Eventually he was assigned to manage a recently acquired district in California where the owner had retired and its 10 employees were on strike.
“Sales had dropped by 30 percent. Receivables had stretched out to 80 days. They kept saying, ‘You can’t make it any worse,’” he says.
He showed up in a business suit and holding a calculator. His boss, an area manager who had started as a truck driver, sent him home to put on jeans and fill in as a truck driver.
“He had me do everything in the business,” Bissell says. “I helped load and unload the cylinder truck. I collected receivables a lot.”
Most importantly, he listened to the unhappy employees.
“We found them to be very reasonable, and we resolved those problems almost immediately. I was able to cut through a lot of red tape and get things done. They liked that I wanted to hear from them.”
Turns out, he knew a lot of conceptual strategy but was short on practical, day-to-day management.
“They had to teach me the business,” Bissell says. “It was humbling.”
Eventually he returned to headquarters work and joined competitor BOC Gases in 1989 to manage acquisitions. In 23 months, he led 24 acquisitions.
“I was young enough, and it was just so exciting,” Bissell says. “I would be valuing the business on the airplane, come down and make an offer on the spot. That was pretty heady and a lot of fun, but a lot of miles.”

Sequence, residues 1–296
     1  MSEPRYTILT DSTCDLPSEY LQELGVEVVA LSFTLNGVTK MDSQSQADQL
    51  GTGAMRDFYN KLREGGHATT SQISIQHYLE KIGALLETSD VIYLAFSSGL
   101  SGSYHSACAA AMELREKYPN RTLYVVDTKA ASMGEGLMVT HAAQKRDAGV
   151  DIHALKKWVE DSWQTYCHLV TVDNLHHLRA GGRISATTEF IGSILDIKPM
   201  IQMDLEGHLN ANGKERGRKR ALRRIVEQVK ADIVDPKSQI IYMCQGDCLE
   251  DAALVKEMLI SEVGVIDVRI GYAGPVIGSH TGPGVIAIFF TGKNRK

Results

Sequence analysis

He held various positions with BOC – regional vice president, vice president of national sales and vice president of distributors and fabrication. In 1995, just after AmeriGas became a master limited partnership, he returned to UGI as AmeriGas’ vice president of sales and operations for the southern half of the United States. He became senior vice president, sales and marketing, in 1999 and, in 2000, CEO of what had become the country’s largest propane retailer.
“I felt very comfortable stepping into that role,” Bissell says, explaining that he was working with people he enjoyed and admired. “My strategy has always been to hire people who are smarter and more capable than I am, then try to help them get their job done.”
He didn’t get to enjoy No. 1 status for long. Early in 2000, Ferrellgas completed its $432.5 million acquisition of Thermogas, adding a third more customers and 180 outlets.
“People were crestfallen about that,” Bissell remembers.
But that didn’t last. In January 2001, AmeriGas announced it would acquire the retail propane distribution business of Colombia Energy Group for $208 million, regaining the first-place position it has held since.